How Does a Combination Lock Work?

In today’s world of intricately put together and complexly assembled items and gadgets, it is sometimes quite easy to forget just how complicated everything around us is. Almost every item in your house right this moment was most likely built on an assembly line in a factory with robotic precision thanks to the machines working tirelessly to deliver nothing short of perfection. It is hard to imagine something ending up in our hands that doesn’t have meticulously designed edges or curves, and yet this was how the world was for 99% of its existence.

This post will take a look at combination locks. These locking mechanisms are very common in our world today; what with them being found on everything ranging from luggage bags to briefcases to even on large padlocks you can use to secure a bolted door. But have you ever wondered just what goes on inside that little frame when you rotate those dials with the satisfying clicks and snaps? What miniature mechanisms inside are put to work, deciding if an inputted code is the correct one or not? Let’s take an extensive and detailed look shall we.

Dials, Wheels, and a Little History

Dials, Wheels, and a Little History

Remember how we just said that combination locks are manufactured works of art with complex inner designs due to being assembled in a factory by machines? Well, that doesn’t necessarily mean that combination locks are something new. Granted, their use only really skyrocketed after the first ever publicly available lock of this kind was made in the year of 1910 and patented by John Junkunc, who was the owner of American Lock Company. However, instances of this type of lock existing prior to this have been documented.

For one, Joseph Loch – who is credited for having developed the modern combination lock for Tiffany’s Jewelers in New York City – made it clear in a statement that this locking mechanism was by no means his own invention. Joseph Loch is also known for having improved upon his design between the years of 1870 and 1900, almost assuredly leading to John Junkunc’s successful combination lock patent. If we go even further back, the United States saw two patents for combination locks filed in the years 1841 and 1869 by J.B Gray and J.E Treat respectively, and both patents clearly stated that these were improvements upon an already existing design.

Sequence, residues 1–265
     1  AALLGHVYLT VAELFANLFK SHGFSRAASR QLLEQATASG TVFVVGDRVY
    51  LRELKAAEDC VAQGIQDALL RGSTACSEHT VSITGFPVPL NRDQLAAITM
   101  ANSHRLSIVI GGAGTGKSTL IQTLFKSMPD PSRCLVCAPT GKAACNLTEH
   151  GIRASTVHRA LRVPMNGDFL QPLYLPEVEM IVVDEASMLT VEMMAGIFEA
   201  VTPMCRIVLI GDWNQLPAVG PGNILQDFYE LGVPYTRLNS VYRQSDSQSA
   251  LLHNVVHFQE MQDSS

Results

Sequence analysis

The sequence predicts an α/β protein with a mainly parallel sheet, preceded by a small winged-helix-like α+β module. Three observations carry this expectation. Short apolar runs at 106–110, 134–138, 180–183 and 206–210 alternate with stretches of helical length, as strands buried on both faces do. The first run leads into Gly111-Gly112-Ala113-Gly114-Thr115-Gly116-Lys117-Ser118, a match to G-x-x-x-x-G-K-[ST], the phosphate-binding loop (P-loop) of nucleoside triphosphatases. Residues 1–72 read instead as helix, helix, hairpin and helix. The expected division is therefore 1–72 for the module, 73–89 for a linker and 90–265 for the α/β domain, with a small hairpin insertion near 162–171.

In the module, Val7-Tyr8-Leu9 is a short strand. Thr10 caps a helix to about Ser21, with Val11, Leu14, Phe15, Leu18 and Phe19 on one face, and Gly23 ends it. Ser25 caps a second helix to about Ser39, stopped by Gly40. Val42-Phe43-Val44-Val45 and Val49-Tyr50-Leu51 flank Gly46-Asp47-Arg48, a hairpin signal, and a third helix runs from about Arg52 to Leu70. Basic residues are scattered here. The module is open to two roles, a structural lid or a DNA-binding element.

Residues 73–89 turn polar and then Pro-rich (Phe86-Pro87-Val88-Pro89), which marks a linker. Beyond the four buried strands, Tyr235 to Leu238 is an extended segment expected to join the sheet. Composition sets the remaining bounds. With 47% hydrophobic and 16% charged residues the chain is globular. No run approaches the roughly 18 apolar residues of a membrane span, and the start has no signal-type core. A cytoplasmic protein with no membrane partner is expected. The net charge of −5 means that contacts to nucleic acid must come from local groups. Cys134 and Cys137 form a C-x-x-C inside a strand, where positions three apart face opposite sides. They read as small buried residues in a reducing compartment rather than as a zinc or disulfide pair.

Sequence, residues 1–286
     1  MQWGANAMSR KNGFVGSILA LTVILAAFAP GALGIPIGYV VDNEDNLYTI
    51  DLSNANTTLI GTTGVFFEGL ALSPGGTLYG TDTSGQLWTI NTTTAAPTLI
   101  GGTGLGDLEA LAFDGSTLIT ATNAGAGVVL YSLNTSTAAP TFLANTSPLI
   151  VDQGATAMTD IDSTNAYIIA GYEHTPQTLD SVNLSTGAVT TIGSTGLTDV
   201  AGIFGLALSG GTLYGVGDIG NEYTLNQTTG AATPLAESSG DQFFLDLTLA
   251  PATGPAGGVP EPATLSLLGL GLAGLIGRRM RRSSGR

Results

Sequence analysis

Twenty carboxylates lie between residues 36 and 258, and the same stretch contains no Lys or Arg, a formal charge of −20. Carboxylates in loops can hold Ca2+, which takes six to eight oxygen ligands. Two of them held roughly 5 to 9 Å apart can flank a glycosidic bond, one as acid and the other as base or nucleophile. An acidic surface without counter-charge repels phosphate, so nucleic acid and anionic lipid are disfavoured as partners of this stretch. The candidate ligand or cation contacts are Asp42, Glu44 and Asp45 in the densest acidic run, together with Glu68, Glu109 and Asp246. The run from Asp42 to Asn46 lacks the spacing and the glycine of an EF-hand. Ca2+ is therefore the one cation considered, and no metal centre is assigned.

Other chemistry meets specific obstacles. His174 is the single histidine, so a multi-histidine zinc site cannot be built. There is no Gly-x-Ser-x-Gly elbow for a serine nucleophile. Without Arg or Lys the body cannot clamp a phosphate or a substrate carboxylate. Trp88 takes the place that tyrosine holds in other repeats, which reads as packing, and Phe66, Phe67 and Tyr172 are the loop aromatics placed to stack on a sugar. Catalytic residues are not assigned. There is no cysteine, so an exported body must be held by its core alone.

The earliest known combination lock we know of was a sample excavated in a Roman-period tomb that was found in Athens, and featured several dials. Al-Jazari, an engineer in the 1200’s, is also known to have documented the existence of combination locks in his book ‘The Book of Knowledge of Ingenious Mechanical Devices’, whereas two combination locks currently being displayed in museums in Boston and Copenhagen are known to have been constructed by Muhammad al-Astrulabi, who also lived during the 1200’s. Finally, another instance of combination locks having been described when not much evidence of their existence from that time period is found would be Gerolamo Cardano talking about them in the 16th Century.

The inside of a combination lock always makes use of wheels or disks. How many disks there are inside the chassis of the lock depends on how many numbers, letters, or symbols are displayed on the outside inside the panel the user interacts with to open or close the lock, or how long the combination that needs to be put in through a single dial is. The higher the number of individual dials on the outside, the more packed a combination lock will be on the inside and the harder it would be to crack it.